Is there a robo-advisor in Denmark
FinTech - a digital danger for banks?
Anna Baier, April 14th, 2021
Internet giants such as Google, Amazon, Netflix and Spotify have radically changed the consumption of many products - from information about books, series and films to music. After the Internet revolution in the entertainment and shopping sectors, developers and entrepreneurs have now discovered the financial and banking sectors for themselves, where digital progress has been a long time coming.
Whether start-up or established company: Many companies nowadays describe themselves with the media-effective term "FinTech" (English from "financial services "and"technology "). Their business models are as numerous as they are variable: Mobile payment options are just as much a part of FinTechs as online account management, loan brokerage, software for computerized asset advice (so-called robo advisors) and digital investments (such as BERGFÜRST).
All FinTechs are turning internet based technologies, customer-centric approaches and modern systems to advance the digitization of financial products. This makes them a competition for traditional finance houses and attacks the banking world.
Goodbye bank branches
Over two thirds of Germans (65%) used online banking in 2020. This puts Germany just above the EU average of 60%, but still far behind its EU neighbors Denmark (94%) and the Netherlands (89%). Only in one of Germany's neighboring EU countries is online banking used less than in Germany: in Poland (49%).
Share of online banking users in 2020, by country
Source: Eurostat, as of April 2021
Bank branches are therefore becoming increasingly unpopular. Among other things, current account provider N26 takes advantage of this: It advertises with innovative solutions for online and mobile banking. Other FinTechs such as Paypal, Paydirekt and Billpay simplify transactions on the net, for example through services such as installment payments.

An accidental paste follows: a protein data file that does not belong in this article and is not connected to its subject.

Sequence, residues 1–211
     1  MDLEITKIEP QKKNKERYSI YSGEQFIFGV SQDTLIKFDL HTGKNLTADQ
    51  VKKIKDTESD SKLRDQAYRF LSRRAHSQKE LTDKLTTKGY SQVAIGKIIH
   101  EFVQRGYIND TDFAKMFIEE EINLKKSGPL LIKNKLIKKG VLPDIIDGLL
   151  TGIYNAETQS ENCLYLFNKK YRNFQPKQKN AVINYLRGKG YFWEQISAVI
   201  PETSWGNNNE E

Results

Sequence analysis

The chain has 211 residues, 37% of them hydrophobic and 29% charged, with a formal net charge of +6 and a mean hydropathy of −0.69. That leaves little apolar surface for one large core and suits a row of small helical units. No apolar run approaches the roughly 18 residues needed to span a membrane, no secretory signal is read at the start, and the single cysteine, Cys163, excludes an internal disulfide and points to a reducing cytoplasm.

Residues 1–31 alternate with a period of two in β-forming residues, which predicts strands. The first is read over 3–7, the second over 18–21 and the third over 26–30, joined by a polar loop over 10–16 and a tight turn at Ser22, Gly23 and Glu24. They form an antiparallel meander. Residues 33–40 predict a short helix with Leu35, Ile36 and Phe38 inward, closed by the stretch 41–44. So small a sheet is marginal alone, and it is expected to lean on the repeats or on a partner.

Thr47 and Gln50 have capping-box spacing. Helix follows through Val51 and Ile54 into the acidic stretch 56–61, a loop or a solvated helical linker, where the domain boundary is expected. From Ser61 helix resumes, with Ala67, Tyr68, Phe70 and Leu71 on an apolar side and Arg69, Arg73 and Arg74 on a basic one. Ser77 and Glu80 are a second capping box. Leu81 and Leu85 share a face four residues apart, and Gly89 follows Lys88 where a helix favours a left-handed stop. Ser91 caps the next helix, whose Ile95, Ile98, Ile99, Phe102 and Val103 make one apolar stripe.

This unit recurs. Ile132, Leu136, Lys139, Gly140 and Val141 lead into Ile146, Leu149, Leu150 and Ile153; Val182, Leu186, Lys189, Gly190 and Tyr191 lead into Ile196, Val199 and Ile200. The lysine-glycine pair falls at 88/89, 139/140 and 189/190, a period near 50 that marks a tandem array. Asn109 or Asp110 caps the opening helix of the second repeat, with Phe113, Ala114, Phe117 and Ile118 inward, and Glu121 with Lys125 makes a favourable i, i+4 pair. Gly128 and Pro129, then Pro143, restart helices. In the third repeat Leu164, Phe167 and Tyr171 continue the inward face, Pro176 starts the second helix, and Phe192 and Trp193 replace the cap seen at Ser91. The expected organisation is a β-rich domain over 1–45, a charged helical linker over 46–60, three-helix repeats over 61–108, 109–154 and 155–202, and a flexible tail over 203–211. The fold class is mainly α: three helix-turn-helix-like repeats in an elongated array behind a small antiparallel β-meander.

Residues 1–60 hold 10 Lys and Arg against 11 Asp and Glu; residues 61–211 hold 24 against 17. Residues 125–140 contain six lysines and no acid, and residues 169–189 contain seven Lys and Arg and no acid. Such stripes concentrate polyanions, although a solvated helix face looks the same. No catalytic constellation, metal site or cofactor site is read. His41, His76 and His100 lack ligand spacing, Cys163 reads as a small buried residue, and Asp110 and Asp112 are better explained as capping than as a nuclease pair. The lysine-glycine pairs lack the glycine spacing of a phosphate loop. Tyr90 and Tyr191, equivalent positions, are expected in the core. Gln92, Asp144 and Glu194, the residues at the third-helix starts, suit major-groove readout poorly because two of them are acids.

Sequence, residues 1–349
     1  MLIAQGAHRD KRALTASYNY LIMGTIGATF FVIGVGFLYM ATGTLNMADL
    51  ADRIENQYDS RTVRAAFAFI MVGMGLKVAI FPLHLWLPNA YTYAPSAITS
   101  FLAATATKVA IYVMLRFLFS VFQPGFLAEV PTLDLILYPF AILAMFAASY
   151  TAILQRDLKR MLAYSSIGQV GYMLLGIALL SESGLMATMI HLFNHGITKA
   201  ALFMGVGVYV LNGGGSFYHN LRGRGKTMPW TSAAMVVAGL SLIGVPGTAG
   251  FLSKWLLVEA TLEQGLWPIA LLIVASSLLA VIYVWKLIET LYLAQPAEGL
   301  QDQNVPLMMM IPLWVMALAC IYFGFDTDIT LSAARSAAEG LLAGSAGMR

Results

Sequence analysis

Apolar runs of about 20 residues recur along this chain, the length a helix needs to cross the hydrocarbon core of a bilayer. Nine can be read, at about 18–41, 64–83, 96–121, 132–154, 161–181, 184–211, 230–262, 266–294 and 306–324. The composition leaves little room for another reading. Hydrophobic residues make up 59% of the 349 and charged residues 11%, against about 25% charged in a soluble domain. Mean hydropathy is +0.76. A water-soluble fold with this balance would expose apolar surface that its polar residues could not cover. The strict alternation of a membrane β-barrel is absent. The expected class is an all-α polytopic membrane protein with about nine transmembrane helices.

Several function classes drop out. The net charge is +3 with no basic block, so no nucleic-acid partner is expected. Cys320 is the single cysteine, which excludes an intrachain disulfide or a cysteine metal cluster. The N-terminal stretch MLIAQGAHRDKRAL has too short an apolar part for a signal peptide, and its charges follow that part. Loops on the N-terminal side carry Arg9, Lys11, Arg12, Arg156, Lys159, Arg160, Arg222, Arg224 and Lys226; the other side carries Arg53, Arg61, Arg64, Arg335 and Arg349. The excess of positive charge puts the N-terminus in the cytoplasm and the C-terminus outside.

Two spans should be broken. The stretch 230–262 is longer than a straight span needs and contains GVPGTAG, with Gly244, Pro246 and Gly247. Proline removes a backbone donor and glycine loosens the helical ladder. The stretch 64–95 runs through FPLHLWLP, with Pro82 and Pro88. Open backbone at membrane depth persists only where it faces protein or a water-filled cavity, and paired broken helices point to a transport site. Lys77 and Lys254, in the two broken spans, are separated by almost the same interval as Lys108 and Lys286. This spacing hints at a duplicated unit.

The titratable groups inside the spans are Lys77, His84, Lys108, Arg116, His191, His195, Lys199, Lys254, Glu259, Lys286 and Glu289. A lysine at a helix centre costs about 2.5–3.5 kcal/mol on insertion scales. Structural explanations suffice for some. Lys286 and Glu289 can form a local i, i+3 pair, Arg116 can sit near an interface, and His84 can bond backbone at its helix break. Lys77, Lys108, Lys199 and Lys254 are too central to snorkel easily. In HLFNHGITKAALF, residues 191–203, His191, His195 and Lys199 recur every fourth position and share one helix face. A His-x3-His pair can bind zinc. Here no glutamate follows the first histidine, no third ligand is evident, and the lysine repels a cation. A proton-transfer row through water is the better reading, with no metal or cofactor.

The Progress in digitization also shows the company Gini, which was named FinTech of the year in 2015. It is a tool for semantic data analysis of documents. For example, the customer photographs an invoice, the data of which is recorded in a structured manner and then automatically inserted into the mask of an online transfer. This is intended to relieve the end user of the additional bureaucratic effort of typing, from small companies to banks.
Generate portfolios yourself
Recently the bank was the first person to talk to when it came to financial advice and investments, but today it is Trend towards DIY (English "dO it yourself ”). The investor is himself: savings and budget plans, budgets and investment portfolios managed online can be generated by you yourself using algorithms and adapted to your needs.
The providers have short, concise names: They are called Mint or vaamo and lure customers with structures that are lean to cost-free, since advice and management of financial investments are increasingly being carried out by computers rather than people. Investment and trading now also work online via online brokers such as flatex and degiro.
New opportunities abroad
The search for high returns is inventive and now goes beyond national borders. The interest rates for overnight and fixed-term deposits within Germany are too low for you? Find, compare and invest in an account abroad through so-called interest brokers such as Weltsparen, savedo and Zinspilot.